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Optometrists are strivers.
They strive to learn about eyes and how to take care of the patients they belong to. They strive to carve out career paths, build their practices, and polish their reputations. They strive for financial success, independence, and-usually-enough savings and investments to retire on and enjoy the balance of their days.
They build rÃ©sumÃ©s that are the records of their strivings-the “professional virtues” they scurry about collecting like early morning beachcombers scavenging for shells, sharks’ teeth, and jetsam.
Even though I am well-established in my career, entering the “bell lap” even, I keep my professional curriculum vitae (CV) up-to-date.
Because you just never know.
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Recently, though, while attending the funeral of an optometry school classmate, I was reminded that in the end, “professional virtues” pale in comparison to “personal virtues.” The latter are the lifelong record of what kind of person an individual is as demonstrated by his words and actions. In short, the things people say about a person in his eulogy.
John Keriotis, OD, a member of our Class of 1990 at the University of Alabama at Birmingham School of Optometry, was the first of us to die, but he will not be the last.
Although mention was made of John’s professional career in his online obituary, I noticed that on the day of his funeral, not a single person I heard talk about him-including his priest-mentioned he had been an optometrist.
At first, it struck me as odd. But as I listened more, I realized what was happening.
Because John made the wise decision to put love above all else, I was hearing the oral recitation of a rÃ©sumÃ© so greatly weighted with “personal virtues” that it had flipped upside down and become an inverted pyramid.
It looks something like this:
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Husband, partner, best friend, and love of her life to Annie. Eight years of experience dating, 25 years married. He was willing to become an itinerant OD in the early years of his career so that he could be with Annie, a former Navy physician and now psychiatrist, as she trained and launched her career.
Together, they moved to back to Birmingham, Alabama-where they first met-to make a life together, help each other along their respective career paths, and create and raise two living, breathing tokens of their love: Nicholas and Isabelle. They supported each other through good times and bad, thick and thin. There was nothing they would not do for each other.
John was the all-in, always-there father, president, and CEO of the “Nicholas and Isabelle Fan Club”-19 years experience. He led them on a path of discovery and adventure that provided a solid foundation for life and learning by encouraging, instructing, and guiding them.
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He wore funny hats, made funny faces, and regaled his children with Dad jokes-the kind that made them cringe and love him at the same time. John traveled with Nicholas to Ireland on a band trip, and insisted on teaching Isabelle to drive even while undergoing chemotherapy. He provided a shining example of life-long service and fun they will never forget.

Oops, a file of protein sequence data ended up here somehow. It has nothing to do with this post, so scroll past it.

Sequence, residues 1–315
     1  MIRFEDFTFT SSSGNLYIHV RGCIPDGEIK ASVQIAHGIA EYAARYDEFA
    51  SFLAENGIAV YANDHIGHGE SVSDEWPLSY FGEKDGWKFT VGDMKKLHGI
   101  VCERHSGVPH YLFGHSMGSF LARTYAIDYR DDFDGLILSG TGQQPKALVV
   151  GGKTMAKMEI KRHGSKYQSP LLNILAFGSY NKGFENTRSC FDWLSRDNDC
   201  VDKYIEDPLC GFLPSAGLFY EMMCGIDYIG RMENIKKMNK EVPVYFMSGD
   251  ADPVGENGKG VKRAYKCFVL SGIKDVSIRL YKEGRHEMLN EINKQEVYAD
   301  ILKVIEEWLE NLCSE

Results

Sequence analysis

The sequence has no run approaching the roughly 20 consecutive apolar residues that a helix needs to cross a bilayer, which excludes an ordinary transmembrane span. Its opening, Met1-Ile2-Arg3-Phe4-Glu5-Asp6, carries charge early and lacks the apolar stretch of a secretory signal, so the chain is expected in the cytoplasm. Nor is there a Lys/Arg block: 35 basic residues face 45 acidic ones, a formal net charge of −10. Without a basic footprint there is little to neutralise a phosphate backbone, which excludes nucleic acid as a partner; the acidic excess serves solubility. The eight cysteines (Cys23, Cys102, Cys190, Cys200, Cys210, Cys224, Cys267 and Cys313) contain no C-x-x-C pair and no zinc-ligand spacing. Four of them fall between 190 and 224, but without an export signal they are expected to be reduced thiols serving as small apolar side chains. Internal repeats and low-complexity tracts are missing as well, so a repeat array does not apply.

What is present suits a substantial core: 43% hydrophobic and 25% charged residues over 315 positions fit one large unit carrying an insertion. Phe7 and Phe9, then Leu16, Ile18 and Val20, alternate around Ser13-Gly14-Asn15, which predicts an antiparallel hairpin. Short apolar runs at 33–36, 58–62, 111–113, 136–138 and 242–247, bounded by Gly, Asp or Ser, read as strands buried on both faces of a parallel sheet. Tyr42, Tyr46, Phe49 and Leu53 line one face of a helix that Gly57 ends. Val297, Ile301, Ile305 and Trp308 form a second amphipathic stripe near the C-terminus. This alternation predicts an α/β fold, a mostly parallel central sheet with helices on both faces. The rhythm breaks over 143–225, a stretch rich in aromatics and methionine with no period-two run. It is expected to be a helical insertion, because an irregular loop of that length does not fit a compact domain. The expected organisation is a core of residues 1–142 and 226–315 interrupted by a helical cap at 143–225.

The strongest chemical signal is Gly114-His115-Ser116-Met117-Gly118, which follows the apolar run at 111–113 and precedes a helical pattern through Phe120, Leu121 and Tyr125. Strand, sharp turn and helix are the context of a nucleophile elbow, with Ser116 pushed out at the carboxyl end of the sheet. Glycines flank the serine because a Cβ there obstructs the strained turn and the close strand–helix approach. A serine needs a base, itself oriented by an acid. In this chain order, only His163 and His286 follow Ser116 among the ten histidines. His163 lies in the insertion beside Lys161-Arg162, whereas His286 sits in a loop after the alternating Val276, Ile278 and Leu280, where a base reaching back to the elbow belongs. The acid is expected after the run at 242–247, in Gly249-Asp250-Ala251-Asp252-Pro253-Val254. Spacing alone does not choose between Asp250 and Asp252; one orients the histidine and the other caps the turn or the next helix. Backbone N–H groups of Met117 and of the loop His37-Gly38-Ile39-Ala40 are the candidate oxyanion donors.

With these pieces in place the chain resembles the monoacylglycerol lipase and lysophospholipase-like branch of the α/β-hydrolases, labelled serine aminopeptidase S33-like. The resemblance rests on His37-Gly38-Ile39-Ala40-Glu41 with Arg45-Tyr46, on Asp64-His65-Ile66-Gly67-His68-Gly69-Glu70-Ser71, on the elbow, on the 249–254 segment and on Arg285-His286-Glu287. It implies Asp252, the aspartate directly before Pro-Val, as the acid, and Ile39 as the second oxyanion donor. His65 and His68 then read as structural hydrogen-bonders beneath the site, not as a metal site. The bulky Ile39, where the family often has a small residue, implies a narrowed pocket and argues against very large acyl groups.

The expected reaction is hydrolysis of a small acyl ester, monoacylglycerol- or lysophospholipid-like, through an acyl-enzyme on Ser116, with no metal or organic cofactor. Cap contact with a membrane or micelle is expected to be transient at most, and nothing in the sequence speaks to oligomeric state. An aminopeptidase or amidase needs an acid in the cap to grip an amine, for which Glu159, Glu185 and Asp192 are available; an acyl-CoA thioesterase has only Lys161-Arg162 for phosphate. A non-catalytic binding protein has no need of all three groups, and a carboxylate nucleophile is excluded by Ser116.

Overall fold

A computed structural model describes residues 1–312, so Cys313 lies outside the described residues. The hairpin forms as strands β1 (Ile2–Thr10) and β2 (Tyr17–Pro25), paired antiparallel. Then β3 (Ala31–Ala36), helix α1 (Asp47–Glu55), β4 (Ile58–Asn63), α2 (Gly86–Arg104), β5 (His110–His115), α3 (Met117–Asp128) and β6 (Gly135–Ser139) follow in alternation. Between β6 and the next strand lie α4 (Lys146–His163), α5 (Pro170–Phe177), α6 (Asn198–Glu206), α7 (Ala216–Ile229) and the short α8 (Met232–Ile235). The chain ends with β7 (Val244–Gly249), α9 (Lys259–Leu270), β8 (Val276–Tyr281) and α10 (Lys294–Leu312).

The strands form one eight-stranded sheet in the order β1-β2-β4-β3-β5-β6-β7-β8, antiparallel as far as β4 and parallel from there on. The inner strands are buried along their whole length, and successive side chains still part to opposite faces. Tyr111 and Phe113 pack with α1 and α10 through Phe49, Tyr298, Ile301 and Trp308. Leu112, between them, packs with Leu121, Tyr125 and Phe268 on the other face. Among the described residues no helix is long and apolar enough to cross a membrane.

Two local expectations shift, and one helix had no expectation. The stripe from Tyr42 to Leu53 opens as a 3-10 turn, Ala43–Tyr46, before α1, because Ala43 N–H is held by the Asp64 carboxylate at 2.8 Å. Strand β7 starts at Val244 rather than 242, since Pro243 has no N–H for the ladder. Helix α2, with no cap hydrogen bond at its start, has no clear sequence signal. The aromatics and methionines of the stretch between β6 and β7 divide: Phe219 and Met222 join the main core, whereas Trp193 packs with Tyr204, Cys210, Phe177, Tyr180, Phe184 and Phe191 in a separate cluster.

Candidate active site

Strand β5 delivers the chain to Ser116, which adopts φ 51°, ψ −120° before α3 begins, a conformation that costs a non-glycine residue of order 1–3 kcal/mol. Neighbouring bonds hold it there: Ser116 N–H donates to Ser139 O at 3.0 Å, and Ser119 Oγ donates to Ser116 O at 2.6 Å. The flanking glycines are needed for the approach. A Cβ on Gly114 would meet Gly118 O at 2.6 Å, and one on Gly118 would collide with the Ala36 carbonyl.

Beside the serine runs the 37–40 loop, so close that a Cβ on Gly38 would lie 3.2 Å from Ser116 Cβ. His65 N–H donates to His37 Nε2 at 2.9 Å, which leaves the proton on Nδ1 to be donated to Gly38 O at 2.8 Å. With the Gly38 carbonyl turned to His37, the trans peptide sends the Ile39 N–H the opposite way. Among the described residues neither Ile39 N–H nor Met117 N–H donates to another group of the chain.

Brother, son, true friend, and a humorist-56 years experience. As an adopted son of the South and resident of two “steel cities,” he never forgot his Pittsburgh roots and family (Go Steelers! Go Pirates! Go Penguins!).
Creator of his own brand of dry, ironic, and appropriately sardonic humor, which made those around him double over in laughter. He was easy to be around and always quick with a quip, meme, prank, or surprise photobombing designed to put everyone in their place and all things in their proper perspective.
Woodworker, carpenter, and self-styled, tongue-in-cheek “master craftsman,” 56 years experience. John helped friends with building and renovation projects without being asked.
He responded to Annie’s growing list of woodworking requests with a reliable, long-suffering “Yes, dear.” He made custom-built cabinets and frame cases for his private practice. Gets credit for 56 years as a “master craftsman” because he spent all that time building a wonderful life.
John was a comprehensive optometrist, specializing in mastery and reduction of myopia for 29-plus years experience. Adored and respected by his patients.
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When his passing was announced on ODs on Facebook, many mourned, but they also celebrated the life as a man who had represented optometry well and cemented a legacy as a cherished colleague and friend.
Those ODs who are older have less trouble hearing the clanging signal of the “bell lap” as they pick up the pace and rush headlong toward a late afternoon appointment they are destined to keep.
Younger colleagues just starting out-and even those in the middle of their careers-may not be as attuned to hearing that clarion call, especially considering all the background noise in these busy, uncertain days.
I invite them, and all, to consider the life of John Keriotis and emulate it. To spend more time linking up with in-person family and friends than on LinkedIn. To build rÃ©sumÃ©s so top-heavy with “personal virtues” that they flip upside down and outlast you.
Because, you just never know.
In memory of Dr. John T. Keriotis, II: 1962-2019.
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